The power of The Thin Blue Line is the way that Morris presents documentary evidence, intercut with dramatic recreations, in such a way as to allow the viewer to experience the limitations of sensory perception. We see and hear the interviews that seem to contradict each other, while viewing Morris’s multiple fabricated versions of how the scene might have played out for the non-existent security cameras. The effect is sobering as we face our limitations. In the final segment in this series I’ll consider the role of relational context as it pertains to my understanding of documentary evidence when it comes to matters of faith.
Part III: Blessed are those who have not seen…
At its best, and in the hands of an honest communicator, documentary evidence can facilitate several worthy goals: exposing secrets, challenging lies, and preserving truth.
- Documentary evidence is used to expose secrets that don’t deserve to exist.
- Documentary evidence is presented as counter evidence when lies are presented as fact.
- Documentary evidence is used to extend memory of times and events that deserve preservation.
The gospel, the Good News of Jesus Christ, as embodied in the life of Jesus Christ and revealed in scripture, is the evidence that believers cite when making claims intended to expose secrets, challenge lies, and preserve truth. Which raises the question: why did God choose to reveal Himself in the written word and in the Word made flesh? Authors, inspired by the Holy Spirit, wrote down the revealed truth of God, capturing in time and space the very essence of truth for all of history. Writing from first-hand and, sometimes, second-hand accounts, authors documented the life and times of Abraham, Jeremiah, David, Rahab, and Jesus Christ himself. Ancient historians, such as Josephus, authored non-Biblical texts which lend credibility to the facts as recorded. But why just words?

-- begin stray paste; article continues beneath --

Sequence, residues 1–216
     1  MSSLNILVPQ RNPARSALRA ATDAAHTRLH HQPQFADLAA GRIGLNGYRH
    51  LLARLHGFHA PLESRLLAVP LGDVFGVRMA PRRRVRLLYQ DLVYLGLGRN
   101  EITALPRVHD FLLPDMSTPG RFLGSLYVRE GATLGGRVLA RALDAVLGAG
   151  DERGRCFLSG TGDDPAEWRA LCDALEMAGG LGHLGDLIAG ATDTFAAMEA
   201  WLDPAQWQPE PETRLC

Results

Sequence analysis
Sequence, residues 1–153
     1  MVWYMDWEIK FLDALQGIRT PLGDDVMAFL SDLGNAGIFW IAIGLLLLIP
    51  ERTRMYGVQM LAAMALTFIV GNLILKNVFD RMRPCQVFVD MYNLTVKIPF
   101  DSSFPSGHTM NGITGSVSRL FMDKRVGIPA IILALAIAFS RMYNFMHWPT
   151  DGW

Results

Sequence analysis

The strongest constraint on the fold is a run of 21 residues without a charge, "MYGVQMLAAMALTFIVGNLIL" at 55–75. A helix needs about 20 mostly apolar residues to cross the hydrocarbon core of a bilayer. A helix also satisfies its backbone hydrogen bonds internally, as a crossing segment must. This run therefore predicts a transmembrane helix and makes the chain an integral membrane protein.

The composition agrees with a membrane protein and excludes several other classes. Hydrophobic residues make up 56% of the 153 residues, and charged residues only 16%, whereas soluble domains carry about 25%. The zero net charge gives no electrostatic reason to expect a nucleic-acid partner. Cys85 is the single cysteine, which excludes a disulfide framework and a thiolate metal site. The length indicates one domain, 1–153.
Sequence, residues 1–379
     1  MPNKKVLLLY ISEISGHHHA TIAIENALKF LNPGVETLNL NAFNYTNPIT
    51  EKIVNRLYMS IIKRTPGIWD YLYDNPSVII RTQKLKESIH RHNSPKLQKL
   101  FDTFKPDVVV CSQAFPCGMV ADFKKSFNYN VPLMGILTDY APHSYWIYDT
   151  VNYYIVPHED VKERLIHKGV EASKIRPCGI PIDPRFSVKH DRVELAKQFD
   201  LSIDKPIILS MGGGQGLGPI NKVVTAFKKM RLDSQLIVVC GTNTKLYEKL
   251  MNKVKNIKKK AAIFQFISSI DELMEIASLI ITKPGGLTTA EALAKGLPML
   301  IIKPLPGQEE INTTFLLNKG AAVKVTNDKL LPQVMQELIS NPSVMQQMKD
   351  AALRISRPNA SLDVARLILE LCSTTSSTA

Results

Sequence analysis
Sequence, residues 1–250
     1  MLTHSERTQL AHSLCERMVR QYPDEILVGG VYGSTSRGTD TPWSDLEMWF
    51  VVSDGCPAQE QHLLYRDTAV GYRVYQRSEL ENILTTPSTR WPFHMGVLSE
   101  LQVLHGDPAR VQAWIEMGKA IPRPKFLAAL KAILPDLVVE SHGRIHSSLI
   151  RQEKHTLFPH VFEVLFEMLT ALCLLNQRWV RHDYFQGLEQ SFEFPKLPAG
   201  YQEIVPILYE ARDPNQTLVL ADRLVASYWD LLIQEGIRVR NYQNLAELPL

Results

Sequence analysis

One could argue that the state of technology allowed no other options. But wouldn’t relics, e.g., the Shroud of Turin, if authentic, be an example of documentary evidence for the existence of God and the life and death of His Son Jesus Christ?
Which leads to another interesting question. If the technology had existed, would Christ have commissioned, or even cooperated with, a documentary film of his life? Is there something inherently different in the process of transcribing a quote versus recording a soundbite? Does the image overwhelm, or somehow diminish, the act in the process of documenting it?